Tuesday, May 01, 2007

Another conference on keeping young people? Whatever

It's that time of year again. The time when civic leaders dump another sum of money into finding ways to stem the brain drain that Winnipeg suffers from. This year, it's the Chamber of Commerce's turn, and they're hosting a one-day conference at CanadInns Polo Park. Maybe we can all drive across the parking lot to the nearest chain restaurant afterward.


This week, an expert, Joseph Cortright was flown in to state the obvious:
"According to Cortright's research, by a two-to-one margin, people choose where they would like to live and then try to find work, rather than the opposite....
Another finding is that the "Creative Class" is increasing interested in living within three miles of a city's central business district.
Creating vibrant urban neighbourhoods is a major magnet for the types of young professionals who will stay permanently in a city and help its economy grow."

Or, as one Toronto resident wrote me in an email a few months ago:
"I would like to add that as an educated 27 year old professional who is considering relocating to Winnipeg, the lack of a rapid transit system is a serious concern for me. It is perhaps one of my biggest considerations.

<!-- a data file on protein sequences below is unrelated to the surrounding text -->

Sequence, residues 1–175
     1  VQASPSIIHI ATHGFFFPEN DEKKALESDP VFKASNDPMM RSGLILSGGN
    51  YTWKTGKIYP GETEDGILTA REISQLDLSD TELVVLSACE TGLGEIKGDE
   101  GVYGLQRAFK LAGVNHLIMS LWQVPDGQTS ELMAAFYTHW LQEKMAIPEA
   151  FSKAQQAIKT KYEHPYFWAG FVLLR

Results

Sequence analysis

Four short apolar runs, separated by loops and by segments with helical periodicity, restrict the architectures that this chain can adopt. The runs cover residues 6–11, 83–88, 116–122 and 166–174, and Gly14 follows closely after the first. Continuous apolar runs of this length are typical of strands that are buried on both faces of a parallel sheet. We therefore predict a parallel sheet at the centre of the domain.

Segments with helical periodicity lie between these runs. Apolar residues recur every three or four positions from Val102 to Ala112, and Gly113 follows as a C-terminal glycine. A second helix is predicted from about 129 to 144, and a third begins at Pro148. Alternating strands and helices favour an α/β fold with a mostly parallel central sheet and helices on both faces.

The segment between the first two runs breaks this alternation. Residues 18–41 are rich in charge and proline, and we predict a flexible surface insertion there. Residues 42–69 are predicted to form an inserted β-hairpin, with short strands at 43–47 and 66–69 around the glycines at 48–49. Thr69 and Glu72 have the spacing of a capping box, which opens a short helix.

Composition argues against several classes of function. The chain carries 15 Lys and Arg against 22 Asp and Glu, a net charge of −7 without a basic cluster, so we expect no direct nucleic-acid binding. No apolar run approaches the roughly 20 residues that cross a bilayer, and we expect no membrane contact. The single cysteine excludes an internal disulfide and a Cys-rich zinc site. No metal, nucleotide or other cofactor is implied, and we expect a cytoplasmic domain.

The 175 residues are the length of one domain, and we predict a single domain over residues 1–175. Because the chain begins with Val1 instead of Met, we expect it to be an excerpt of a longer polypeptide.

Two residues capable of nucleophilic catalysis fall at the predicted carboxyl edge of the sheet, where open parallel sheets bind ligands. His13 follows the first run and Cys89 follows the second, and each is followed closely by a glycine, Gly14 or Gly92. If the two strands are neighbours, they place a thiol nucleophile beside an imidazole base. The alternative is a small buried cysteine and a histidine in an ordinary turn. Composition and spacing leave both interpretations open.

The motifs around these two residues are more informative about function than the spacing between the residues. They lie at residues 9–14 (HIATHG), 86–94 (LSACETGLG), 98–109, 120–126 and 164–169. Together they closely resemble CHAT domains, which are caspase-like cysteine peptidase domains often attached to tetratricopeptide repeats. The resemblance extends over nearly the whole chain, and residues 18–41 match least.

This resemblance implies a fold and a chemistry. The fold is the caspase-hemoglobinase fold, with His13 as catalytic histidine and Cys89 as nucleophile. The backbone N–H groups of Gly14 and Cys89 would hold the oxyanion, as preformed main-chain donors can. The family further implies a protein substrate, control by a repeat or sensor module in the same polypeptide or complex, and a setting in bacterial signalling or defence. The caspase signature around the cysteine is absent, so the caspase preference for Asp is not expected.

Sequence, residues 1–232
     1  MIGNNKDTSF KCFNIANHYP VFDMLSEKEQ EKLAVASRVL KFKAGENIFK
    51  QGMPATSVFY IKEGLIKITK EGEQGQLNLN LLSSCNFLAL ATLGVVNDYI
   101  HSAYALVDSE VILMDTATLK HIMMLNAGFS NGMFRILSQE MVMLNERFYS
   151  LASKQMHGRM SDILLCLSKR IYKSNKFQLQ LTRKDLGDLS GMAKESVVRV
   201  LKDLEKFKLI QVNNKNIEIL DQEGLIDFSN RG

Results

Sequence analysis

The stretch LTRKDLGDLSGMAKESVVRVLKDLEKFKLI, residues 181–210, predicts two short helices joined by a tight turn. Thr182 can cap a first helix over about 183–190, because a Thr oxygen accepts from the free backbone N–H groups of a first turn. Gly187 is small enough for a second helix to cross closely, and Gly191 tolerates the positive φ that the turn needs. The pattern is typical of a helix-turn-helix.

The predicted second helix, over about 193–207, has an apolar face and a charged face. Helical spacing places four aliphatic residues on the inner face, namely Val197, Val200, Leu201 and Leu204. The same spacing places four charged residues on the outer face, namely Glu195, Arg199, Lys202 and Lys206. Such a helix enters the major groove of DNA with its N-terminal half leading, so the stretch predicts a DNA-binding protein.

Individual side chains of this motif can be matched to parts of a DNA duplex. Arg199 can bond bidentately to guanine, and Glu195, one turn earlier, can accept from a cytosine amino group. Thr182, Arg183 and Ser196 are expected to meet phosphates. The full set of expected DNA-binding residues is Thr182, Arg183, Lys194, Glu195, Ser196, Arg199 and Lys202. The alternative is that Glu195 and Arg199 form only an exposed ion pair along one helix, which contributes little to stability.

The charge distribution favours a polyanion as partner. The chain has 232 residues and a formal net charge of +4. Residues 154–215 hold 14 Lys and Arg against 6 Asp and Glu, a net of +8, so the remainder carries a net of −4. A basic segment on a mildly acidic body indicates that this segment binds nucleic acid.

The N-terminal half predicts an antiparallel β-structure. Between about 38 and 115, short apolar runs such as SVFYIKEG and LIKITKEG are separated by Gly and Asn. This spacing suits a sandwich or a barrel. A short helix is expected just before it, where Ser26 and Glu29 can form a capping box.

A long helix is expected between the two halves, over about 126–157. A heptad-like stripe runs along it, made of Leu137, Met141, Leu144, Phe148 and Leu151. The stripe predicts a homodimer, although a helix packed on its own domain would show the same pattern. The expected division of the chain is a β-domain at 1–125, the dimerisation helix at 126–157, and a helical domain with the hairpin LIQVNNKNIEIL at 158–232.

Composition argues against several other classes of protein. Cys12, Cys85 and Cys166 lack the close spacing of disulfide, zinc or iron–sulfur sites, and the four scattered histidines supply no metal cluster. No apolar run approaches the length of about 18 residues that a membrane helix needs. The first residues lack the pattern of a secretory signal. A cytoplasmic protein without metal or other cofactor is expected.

Winnipeg will never achieve its natural potential if it does not build a reasonable rapid transit system of some kind, and Winnipeg has lots of potential. Not potential to become a Toronto or a Chicago with it's excessive rents and crowded everything, but a medium sized city with access to services, a healthy downtown and a reasonable cost of living.
In short, Winnipeg needs to better and more intelligently fill up and use its existing space and urban fabric and a rapid transit system will greatly aid in this.
This is a city with lots of character and culture capable of attracting both new investment and new people, but it will not do so until it starts acting its age. The time for a rapid transit system began at least 2 decades ago. It's time that Winnipeg caught up."

(For more, see a previous Rise and Sprawl post.)

You know what young people live in cities for? Dense, cool downtowns and nearby neighborhoods; unbridled sidewalk commerce; walkability; cosmopolitanism; good arts and music scenes; decent transit; streets that are designed for walking, and not drag racing. Much to the bewilderment of local politicians and professional cheerleaders, young people (at least the creative ones) don't stay for new suburbs, a sterilized downtown, impoverished ghettos, cheap parking, power centres, or hog plants.

Winnipeg could never keep all of its young people from moving to bigger, coastal cities. but actually listening to, and acting on, the words of the next keynote speaker who says that good urbanism is important, might alleviate the need for hosting these conferences year after year.


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